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Full text of "Alaskan glacier studies of the National Geographic Society in the Yakutat Bay, Prince William Sound and lower Copper River regions"

LUCIA AND ATREVIDA GLACIERS                            75
photographs, also, a distinct lowering of the ice surface is noticeable, in this case surely of more than 100 feet.
It was found possible to walk freely over the ablation moraine though, owing to its greater roughness, with much more difficulty than in 1905. Alder was no longer growing on this part of the glacier but there was a thick cover of ablation moraine, though with many bare, debris-stained slopes and others with only a thin veneer of moraine. Melting was in rapid progress and small streams were coursing down all the slopes, but there were no large moulins, for the ice drainage had evidently not yet progressed far enough to develop these as they were developed in 1905. Crevasses were seen in many places and care was necessary lest one should step into those hidden from view by the moraine. Several times such a crevasse was unexpectedly discovered when stepping on what seemed to be solid, moraine-covered ice. We soon learned that the ridges were the places to be avoided and that the depressions offered the safest routes, for few and only shallow crevasses were found in the valleys, while the ridge crests were almost uniformly the sites of crevasses. The explanation of this fact is not difficult. After the glacier was broken by the advance, the moraine slid into the newly-formed crevasses, and, when ablation proceeded to lower the glacier surface, these filled, or partially filled, crevasses, with their greater depth of moraine, were so protected that they were preserved and stood above the level of the inter-crevasse areas. Then the rock fragments on and in these elevated crevasse areas slid down into the valleys, and doubtless the next stage will be the rising of the filled valleys and the lowering of the emptied crevasse areas.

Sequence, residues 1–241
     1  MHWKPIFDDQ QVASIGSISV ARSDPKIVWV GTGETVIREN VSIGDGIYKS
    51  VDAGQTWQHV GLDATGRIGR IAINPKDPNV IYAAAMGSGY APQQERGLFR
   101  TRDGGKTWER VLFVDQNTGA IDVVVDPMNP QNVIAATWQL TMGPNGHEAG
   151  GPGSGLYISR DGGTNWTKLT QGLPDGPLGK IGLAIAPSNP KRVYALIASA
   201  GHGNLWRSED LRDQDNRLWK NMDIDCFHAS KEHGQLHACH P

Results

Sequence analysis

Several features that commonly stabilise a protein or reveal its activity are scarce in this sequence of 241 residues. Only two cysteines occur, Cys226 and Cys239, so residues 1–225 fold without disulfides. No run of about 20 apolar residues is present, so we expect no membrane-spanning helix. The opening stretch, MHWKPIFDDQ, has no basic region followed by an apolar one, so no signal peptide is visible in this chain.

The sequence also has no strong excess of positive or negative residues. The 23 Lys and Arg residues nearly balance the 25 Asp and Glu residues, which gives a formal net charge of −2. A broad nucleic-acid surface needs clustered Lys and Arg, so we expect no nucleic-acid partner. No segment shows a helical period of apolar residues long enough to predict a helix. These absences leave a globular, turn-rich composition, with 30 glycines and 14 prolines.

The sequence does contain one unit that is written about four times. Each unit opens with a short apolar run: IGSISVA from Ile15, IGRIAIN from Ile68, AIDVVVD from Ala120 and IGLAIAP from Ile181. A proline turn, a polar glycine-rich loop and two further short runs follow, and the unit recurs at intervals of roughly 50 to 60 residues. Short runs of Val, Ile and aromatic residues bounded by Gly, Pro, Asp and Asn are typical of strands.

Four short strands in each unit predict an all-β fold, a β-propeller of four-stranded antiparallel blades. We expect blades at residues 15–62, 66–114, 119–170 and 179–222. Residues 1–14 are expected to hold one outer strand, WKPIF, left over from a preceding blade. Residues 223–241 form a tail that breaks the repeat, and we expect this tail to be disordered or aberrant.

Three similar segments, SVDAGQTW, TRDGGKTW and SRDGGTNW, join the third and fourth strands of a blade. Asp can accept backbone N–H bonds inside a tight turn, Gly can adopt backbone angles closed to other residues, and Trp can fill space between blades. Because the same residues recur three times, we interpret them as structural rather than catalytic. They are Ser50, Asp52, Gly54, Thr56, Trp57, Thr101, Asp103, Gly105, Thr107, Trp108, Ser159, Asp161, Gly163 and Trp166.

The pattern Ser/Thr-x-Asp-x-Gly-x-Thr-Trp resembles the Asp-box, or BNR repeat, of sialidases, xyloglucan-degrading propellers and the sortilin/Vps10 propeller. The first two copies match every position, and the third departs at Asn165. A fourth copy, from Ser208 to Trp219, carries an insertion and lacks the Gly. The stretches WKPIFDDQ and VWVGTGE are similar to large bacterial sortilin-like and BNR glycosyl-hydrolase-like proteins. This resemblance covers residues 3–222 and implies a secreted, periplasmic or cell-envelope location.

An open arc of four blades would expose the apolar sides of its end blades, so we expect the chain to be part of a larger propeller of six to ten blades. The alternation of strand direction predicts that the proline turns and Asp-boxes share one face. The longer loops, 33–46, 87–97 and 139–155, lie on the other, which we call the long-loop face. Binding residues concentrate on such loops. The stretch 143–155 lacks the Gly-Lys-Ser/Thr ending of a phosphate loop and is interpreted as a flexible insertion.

In addition to the ridges due to crevasses the ablation moraine is diversified by bands and patches of rock predominantly of a single kind, such, for example, as black shale or conglomeratic rock, and in these areas are found unusual numbers of large angular blocks. They did not seem to be arranged in any order that could be correlated with flowage lines and may possibly be interpreted as rock falls and avalanches transported down the valley and spread out irregularly by the movement of the ice and by distribution through sliding, as ablation lowers the ice and undermines ridges and fills depressions.
It would be interesting to know the rate at which ablation has been proceeding on this ice surface. That the rate must have been rapid is indicated by the evidence furnished by the Atrevida and other glaciers. This evidence is of several kinds. A comparison of photographs from the same point show a general lowering of the surface sufficient to be apparent in photographs. It is possible, as already stated, that some of this lowering may be due to flowage after the first vigorous advance, but much of it, is certainly due to ablation, for the old crevassing and the noticeable proportion of clear ice have both been in large part destroyed, and only ablation could account for this. Moreover, the transformation of crevasses to ridges 50 to 100 feet high can be explained only as a result of ablation.
The only specific knowledge that we have regarding the rate of ablation in this climate are the measurements made on Hayden Glacier in 1906 when in a period of twelve days, in late July and early August, it was found that the surface of the glacier was lowered at the rate of 4 inches a day. This, however, was on a smooth ice surface, and at a much greater elevation, where the temperature on clear days descended below freezing point even before the sun set. The surface of Childs Glacier was lowered 7 inches a day in